Lunar Crater

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Lunar Crater Volcanic Field covers more than 100 square miles of desert near US-6 between Tonopah and Ely. It contains cinder cones, lava flows and several craters. Lunar Crater, the most outstanding geological feature, is almost 4,000 feet in diameter, 430 feet deep and over 400 acres in size. In the late 1960's it was used to train astronauts for the Apollo moon missions. Other features include Easy Chair Crater, The Wall, Black Rock Lava Flow and over 20 other extinct volcanoes.

The fantastic landscape was formed over a long period of time. As early as two million years ago volcanic activity began forming the craters and a number of vents. Later, only a few thousand years ago, molten lava surfaced along a fault line and through the vents created by the earlier activity. As the 2000-degree-hot lava spread across the landscape it cooled and became basalt. Sometime during this period two tremendous volcanic eruptions created Lunar Crater and Easy Chair Crater.

All major attractions are well marked and accessible with most vehicles. However, watch for sandy spots in the road. Cross them at a steady speed or you may get stuck. There are no services; be sure to bring enough water.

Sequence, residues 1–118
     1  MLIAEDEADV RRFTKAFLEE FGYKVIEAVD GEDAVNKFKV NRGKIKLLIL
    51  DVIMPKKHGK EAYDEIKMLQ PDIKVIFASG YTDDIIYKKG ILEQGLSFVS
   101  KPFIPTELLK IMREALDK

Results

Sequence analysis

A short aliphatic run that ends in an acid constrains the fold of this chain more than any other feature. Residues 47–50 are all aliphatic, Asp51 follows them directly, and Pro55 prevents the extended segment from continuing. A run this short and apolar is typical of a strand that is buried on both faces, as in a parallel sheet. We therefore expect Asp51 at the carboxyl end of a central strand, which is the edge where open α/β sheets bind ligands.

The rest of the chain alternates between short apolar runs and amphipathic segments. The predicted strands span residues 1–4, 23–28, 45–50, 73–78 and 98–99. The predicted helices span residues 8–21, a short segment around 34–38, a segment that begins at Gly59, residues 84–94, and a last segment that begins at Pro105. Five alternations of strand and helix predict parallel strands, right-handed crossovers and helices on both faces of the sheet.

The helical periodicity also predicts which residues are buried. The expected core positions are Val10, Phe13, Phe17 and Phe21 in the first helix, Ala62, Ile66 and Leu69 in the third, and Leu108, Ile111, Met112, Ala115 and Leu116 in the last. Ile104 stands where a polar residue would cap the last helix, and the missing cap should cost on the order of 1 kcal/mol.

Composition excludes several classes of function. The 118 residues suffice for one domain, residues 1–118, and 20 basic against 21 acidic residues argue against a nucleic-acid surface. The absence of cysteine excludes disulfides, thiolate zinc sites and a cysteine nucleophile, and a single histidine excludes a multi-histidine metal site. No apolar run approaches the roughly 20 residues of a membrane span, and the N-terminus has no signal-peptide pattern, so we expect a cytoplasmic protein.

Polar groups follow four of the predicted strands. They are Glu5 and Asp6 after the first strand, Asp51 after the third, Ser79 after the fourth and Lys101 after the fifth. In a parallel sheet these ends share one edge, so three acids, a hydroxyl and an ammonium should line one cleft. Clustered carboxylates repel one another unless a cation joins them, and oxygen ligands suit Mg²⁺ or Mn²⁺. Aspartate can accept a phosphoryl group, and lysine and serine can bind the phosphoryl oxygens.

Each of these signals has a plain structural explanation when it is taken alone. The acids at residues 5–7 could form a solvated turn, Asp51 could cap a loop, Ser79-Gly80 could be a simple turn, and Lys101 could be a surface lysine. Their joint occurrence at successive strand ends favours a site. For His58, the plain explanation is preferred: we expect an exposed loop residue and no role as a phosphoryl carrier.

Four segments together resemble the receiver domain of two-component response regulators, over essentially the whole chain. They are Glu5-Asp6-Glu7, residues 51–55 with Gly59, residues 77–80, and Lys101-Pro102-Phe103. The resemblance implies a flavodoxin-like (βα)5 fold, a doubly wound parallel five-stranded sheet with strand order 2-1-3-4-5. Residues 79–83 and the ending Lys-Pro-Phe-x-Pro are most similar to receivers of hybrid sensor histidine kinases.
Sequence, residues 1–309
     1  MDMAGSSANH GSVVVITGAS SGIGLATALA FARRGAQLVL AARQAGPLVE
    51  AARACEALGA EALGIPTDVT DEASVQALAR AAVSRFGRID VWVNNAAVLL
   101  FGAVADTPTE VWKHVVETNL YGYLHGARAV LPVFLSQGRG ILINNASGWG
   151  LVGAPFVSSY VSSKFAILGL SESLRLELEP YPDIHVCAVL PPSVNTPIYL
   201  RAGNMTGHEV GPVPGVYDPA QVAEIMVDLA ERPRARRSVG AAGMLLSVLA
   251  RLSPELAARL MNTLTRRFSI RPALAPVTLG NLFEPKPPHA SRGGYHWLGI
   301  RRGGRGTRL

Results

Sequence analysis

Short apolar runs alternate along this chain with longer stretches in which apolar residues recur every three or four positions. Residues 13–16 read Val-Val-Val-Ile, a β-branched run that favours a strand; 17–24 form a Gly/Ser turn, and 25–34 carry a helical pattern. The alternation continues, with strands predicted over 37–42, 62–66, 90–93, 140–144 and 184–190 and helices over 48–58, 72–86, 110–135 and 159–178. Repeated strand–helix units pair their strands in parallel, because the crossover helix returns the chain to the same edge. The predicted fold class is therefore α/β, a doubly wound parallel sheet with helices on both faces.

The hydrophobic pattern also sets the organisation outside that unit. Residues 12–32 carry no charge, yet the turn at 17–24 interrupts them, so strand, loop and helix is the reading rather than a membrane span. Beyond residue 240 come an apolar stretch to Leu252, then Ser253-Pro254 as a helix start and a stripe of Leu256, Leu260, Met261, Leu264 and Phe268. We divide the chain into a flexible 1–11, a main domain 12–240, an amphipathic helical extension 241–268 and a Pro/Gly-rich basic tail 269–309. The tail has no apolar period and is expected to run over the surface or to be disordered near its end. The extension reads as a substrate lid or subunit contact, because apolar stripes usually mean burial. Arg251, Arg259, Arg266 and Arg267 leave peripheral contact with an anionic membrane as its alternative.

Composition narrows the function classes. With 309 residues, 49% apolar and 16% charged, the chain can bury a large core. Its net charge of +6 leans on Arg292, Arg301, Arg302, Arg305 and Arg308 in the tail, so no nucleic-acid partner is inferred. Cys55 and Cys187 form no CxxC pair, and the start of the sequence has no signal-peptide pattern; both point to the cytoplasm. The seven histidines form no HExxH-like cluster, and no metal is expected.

You can hike down into the crater. The moderately strenuous hike takes between 30 and 60 minutes each way.


From Rachel turn left onto Hwy 375 north. Follow it for about 59 miles. At the Warm Springs junction turn right onto US-6 east. After 27.8 miles you see a dirt road and a sign "Lunar Crater" on the right. Turn right onto the well-maintained dirt road. After 6.4 miles you get to the upper rim of Lunar Crater.
The road is suitable for most vehicles but rough, and sandy in parts. Keep moving in the sandy spots or you will get stuck. The road to The Wall requires high clearance.

GPS Coordinates

Rachel  N 37° 38.801'  W115° 44.760'
Queen City Summit  N37° 45.129'  W115° 56.733'
Warm Springs  N38° 11.447'  W116° 22.218'
Lunar Crater Turnoff  N38° 28.716'  W116° 03.298'
Lunar Crater  N38° 23.326'  W116° 04.076'

Related Links

Lunar Crater. [June 1999]

Lunar Crater. [07/17/2018, click to enlarge]

Aerial view of Lunar Crater. [07/17/2018, click to enlarge]

Panorama of Lunar Crater [07/17/2018, click to enlarge]

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